CLIA members have taken a proactive role in addressing the quality of shipboard medical care, and many cruise ship physicians are members of the American College of Emergency Physicians (ACEP) and serve on that organization's Cruise Ship and Maritime Medicine Section.
As a result of cooperative efforts between experienced cruise ship physicians and ACEP, CLIA ocean-going cruise lines worldwide carrying 100 or more persons on board traveling on itineraries to international waters, have agreed to meet or exceed the requirements of the ACEP Health Care Guidelines for Cruise Ship Medical Facilities as revised January 2019. ACEP's guidelines address the facilities, staffing, equipment and procedures for medical infirmaries on cruise ships traveling outside territorial waters of the coastal state. Patients requiring more comprehensive facilities or treatment are typically referred to a shoreside medical facility.
These guidelines are not intended to constitute medical advice, nor to establish standards of care applicable to the industry as a whole. They reflect consensus among members of the facilities and staffing needs considered appropriate aboard cruise vessels, within the recognized limitations of the sea environment. However, the practices of individual cruise lines and shipboard physicians may vary depending upon passenger and crew demographics, itinerary, ship's construction and other circumstances.
The guidelines are generally intended to foster the following objectives:
- To provide reasonable emergency medical care for passengers and crew aboard cruise vessels
- To stabilize patients and/or initiate reasonable diagnostic and therapeutic intervention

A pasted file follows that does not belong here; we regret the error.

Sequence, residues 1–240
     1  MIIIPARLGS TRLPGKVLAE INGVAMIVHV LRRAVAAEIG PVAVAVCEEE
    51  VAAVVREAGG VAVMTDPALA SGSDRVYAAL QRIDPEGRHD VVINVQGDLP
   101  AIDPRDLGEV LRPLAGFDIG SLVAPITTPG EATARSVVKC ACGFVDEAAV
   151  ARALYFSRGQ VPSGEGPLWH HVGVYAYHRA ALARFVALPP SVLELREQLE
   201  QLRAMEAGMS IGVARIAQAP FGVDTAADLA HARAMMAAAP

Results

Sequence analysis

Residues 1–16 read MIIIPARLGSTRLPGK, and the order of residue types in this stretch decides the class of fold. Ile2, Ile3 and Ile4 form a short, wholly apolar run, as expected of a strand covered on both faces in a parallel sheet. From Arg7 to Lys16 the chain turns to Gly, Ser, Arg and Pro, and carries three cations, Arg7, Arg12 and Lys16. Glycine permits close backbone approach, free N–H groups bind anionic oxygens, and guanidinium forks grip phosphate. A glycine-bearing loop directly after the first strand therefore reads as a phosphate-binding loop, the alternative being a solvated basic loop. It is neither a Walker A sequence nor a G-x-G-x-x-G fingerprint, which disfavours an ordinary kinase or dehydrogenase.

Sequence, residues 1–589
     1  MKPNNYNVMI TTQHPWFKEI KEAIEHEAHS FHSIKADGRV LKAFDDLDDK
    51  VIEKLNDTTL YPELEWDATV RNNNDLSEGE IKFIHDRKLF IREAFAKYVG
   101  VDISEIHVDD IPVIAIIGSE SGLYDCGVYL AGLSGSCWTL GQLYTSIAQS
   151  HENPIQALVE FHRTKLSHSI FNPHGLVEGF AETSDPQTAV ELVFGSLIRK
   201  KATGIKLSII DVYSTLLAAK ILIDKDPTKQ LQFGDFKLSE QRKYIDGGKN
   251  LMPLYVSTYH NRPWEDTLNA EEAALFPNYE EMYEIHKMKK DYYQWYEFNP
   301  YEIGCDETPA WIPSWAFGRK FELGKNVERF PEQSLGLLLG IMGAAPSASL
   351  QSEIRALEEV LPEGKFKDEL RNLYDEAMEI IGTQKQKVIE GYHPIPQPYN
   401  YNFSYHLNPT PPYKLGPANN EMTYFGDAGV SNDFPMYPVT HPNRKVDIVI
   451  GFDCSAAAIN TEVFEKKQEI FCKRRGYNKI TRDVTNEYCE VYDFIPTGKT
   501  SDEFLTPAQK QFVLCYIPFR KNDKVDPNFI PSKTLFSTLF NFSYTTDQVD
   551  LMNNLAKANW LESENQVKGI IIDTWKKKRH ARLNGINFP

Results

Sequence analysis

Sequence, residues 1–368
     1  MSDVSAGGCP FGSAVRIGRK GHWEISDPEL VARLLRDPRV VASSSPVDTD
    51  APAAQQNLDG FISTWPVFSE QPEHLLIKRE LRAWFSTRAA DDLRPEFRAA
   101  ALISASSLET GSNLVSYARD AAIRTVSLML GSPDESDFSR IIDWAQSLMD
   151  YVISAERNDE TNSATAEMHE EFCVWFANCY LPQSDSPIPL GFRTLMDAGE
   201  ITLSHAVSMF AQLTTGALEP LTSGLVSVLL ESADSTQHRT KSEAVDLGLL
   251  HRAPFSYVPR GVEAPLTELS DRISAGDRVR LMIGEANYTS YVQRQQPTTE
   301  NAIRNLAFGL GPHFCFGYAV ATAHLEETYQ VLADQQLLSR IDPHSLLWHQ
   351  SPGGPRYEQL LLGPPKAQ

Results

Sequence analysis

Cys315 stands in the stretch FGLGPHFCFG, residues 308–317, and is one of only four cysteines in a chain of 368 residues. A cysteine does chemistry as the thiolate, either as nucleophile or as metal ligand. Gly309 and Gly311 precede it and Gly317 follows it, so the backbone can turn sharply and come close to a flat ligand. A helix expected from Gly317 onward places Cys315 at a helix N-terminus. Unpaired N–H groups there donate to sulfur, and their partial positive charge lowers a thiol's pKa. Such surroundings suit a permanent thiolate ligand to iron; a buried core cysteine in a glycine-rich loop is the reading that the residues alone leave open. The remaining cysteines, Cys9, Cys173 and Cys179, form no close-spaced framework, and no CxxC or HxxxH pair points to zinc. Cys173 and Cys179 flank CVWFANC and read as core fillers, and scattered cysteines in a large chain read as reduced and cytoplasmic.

- To facilitate the evacuation of seriously ill or injured patients when deemed necessary by a shipboard physician
The ACEP guidelines can be viewed here.
As part of their commitment to passenger and crew health and safety in the context of communicable diseases, CLIA’s members have adopted the following policy for all oceangoing vessels:
Recognizing the wide variations in ship designs and capacities, itineraries, voyage lengths, and traveler demographics, cruise lines are to maintain appropriate public health measures to mitigate the introduction and/or spread of infectious illnesses on board ships.
Cruise lines are to recommend guests and crew remain up to date with relevant vaccinations before traveling consistent with guidance from cognizant health authorities.
Pre-boarding health screening measures are to be implemented to mitigate the introduction of communicable diseases.
Cruise lines are to maintain prevention and response protocols to manage any increasing risks for transmission of communicable illnesses on board.
Member cruise lines are to comply with any health requirements issued by relevant authorities in their flag states and port / destination jurisdictions. Cruise lines should coordinate with the authorities in ports and/or destinations to verify applicability and facilitate compliance with local requirements, including the submission of health reports as required.